- Global stock markets bounced Tuesday after US President Donald Trump moved to reassure investors that the first phase of a trade deal between the US and China is still on the table.
- He tweeted: “The China Trade Deal is fully intact. Hopefully they will continue to live up to the terms of the Agreement!”
- Markets had slipped after comments from trade adviser Peter Navarro that the deal was “over.”
- He later released a statement saying his comments had been taken “wildly out of content.”
- European markets rallied Tuesday morning, while futures in the US pointed to a positive open.
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Global stocks climbed on Tuesday, paring early losses on comments made by Trump’s chief advisor Peter Navarro that the trade deal between US-China is “over.”
The comments were made in a Monday late night interview with Fox News.
Markets had pushed lower on this initial news. Futures underlying the S&P 500 slid 2% by around 3:00 a.m. ET.
Stocks bounced back, however, when Trump intervened, and rubbished Navarro’s claims. By late morning in Europe, futures in the US pointed to a positive open later in the day.
“The China Trade Deal is fully intact. Hopefully they will continue to live up to the terms of the Agreement!” –he tweeted.
Later Navarro said his comments had been taken “wildly out of context.”
Neil Wilson, chief market analyst at Markets.com, said: “Overnight, equity markets were whipsawed by the comments from Mr Navarro, but Asian stocks eventually rallied. US stocks edged higher on Monday but stayed well within the recent ranges; futures were all over the place overnight.”
“The market wouldn’t like fresh open conflict on trade between the two world’s largest economies, as it would make recovery from the pandemic even slower.
He added: “Navarro may speak the truth, but it’s an inconvenient truth that the White House would prefer to avoid right now. Markets are happy to nod along as long as the Fed has their back.”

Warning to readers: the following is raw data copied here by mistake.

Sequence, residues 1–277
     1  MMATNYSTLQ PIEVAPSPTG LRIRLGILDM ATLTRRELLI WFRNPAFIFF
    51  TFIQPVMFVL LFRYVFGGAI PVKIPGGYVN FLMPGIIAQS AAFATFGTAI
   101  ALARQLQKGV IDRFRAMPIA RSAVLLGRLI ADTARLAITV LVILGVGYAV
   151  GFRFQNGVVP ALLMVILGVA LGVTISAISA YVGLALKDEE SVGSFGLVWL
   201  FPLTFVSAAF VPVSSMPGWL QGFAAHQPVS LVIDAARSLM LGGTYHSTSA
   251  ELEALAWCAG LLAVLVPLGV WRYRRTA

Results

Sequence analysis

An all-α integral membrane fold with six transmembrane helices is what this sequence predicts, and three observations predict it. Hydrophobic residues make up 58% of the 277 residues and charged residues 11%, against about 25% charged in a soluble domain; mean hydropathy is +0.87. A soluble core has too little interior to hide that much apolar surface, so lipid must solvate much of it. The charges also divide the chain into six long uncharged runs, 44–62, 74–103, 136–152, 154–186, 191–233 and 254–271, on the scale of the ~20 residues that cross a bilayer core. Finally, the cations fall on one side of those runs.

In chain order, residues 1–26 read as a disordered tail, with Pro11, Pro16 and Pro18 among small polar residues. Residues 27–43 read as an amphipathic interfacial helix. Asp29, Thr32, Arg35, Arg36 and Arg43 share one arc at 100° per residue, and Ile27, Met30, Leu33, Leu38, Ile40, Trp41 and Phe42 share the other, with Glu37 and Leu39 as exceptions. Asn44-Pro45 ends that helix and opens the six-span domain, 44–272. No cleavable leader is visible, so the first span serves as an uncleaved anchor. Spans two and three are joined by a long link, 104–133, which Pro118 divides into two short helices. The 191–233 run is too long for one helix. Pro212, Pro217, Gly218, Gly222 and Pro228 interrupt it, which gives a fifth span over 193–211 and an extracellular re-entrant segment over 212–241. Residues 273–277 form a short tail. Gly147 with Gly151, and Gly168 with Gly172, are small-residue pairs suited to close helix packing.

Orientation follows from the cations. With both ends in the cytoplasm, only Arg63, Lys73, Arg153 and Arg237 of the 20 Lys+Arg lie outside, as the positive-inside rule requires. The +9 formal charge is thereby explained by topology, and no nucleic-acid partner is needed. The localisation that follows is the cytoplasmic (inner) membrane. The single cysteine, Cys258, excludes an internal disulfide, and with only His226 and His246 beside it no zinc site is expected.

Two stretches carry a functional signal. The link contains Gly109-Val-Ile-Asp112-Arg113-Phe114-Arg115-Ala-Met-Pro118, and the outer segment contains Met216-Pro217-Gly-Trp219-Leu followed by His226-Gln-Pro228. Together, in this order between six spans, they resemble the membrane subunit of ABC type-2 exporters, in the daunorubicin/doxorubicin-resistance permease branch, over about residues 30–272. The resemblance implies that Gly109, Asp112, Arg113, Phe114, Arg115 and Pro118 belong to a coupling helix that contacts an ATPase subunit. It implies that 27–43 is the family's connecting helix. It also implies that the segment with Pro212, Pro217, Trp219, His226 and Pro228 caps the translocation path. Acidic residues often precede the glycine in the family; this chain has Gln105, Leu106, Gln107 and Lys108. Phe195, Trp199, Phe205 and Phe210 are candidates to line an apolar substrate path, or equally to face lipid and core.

Naeem Aslam, chief market analyst at Avatrade said: “The Dow Jones futures are trading slightly higher as traders do want to look past the Navarro-prompted risk aversion event that jolted the US futures and Asian markets.
Here’s the market roundup as of 11.10 a.m. in London (6.10 a.m. ET):
- European equities rose with Germany’s DAX up 1.9% Britain’s FTSE 100 up 0.8% and the Euro Stoxx 50 up 1.5%. European stocks were also boosted by solid PMI data out of the continent Tuesday morning.
- Asian indexes rose. Hong Kong’s Hang Seng rose 1.6%, China’sShanghai Composite rose 0.2%, and Japan’s Nikkei rose 0.5%.
- US stocks are set to open higher. Futures underlying the Dow Jones Industrial Averageare up 0.6% the S&P 500 up 0.5%, and the Nasdaq up 0.5%.
- Oil prices rose a little after US prices broke above $US40 Monday. West Texas Intermediate rose 0.6% to $US40.98 a barrel and Brent rose 0.6% to $US43.36 a barrel.
- The benchmark10-year Treasury yield rose to 0.71%.
- Gold rose 0.31% to $US1772 per ounce.
“The S&P 500 futures along with Dow Jones futures may struggle to maintain their gains due to geopolitical tensions that continue to simmer in the background as Trump administration puts further restrictions on four Chinese state media outlets,” he added.
Aslam thinks the phase one trade deal between both nations could still be in jeopardy despite Trump’s reassurance.
“China has halted its poultry purchase from a Tyson plant but so far the reason behind that is mainly due to Coronavirus.
“But the fear is that the phase one trade deal between the US-China could be in jeopardy especially if Trump picks up on this matter.
“The global stock market is likely to remain fragile as there are too many moving parts that are making risk-takers uncomfortable,” he added.
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